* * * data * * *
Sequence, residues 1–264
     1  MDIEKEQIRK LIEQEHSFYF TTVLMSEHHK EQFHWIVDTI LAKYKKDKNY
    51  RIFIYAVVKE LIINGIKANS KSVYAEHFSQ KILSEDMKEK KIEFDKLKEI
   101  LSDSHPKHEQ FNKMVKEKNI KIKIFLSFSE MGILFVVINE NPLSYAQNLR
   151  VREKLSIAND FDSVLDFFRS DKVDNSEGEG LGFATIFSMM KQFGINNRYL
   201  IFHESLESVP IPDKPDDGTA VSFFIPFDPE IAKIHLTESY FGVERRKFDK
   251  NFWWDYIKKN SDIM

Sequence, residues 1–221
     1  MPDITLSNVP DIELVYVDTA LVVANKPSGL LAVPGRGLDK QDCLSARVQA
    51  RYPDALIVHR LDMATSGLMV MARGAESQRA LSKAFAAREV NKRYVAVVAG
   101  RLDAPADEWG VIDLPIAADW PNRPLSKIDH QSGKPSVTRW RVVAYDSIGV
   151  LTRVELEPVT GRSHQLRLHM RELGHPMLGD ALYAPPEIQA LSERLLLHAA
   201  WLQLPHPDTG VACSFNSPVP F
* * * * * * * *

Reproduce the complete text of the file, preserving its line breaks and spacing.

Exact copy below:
Sequence, residues 1–264
     1  MDIEKEQIRK LIEQEHSFYF TTVLMSEHHK EQFHWIVDTI LAKYKKDKNY
    51  RIFIYAVVKE LIINGIKANS KSVYAEHFSQ KILSEDMKEK KIEFDKLKEI
   101  LSDSHPKHEQ FNKMVKEKNI KIKIFLSFSE MGILFVVINE NPLSYAQNLR
   151  VREKLSIAND FDSVLDFFRS DKVDNSEGEG LGFATIFSMM KQFGINNRYL
   201  IFHESLESVP IPDKPDDGTA VSFFIPFDPE IAKIHLTESY FGVERRKFDK
   251  NFWWDYIKKN SDIM

Sequence, residues 1–221
     1  MPDITLSNVP DIELVYVDTA LVVANKPSGL LAVPGRGLDK QDCLSARVQA
    51  RYPDALIVHR LDMATSGLMV MARGAESQRA LSKAFAAREV NKRYVAVVAG
   101  RLDAPADEWG VIDLPIAADW PNRPLSKIDH QSGKPSVTRW RVVAYDSIGV
   151  LTRVELEPVT GRSHQLRLHM RELGHPMLGD ALYAPPEIQA LSERLLLHAA
   201  WLQLPHPDTG VACSFNSPVP F